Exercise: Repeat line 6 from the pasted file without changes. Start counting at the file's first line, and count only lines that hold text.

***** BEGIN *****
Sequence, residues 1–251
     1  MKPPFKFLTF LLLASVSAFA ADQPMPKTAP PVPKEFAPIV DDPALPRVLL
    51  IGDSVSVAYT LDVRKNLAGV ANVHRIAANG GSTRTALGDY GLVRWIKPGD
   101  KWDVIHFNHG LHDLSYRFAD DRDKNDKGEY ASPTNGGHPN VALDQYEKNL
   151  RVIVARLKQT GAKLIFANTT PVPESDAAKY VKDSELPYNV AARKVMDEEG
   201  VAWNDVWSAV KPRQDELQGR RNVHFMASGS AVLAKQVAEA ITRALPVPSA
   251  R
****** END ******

   201  VAWNDVWSAV KPRQDELQGR RNVHFMASGS AVLAKQVAEA ITRALPVPSA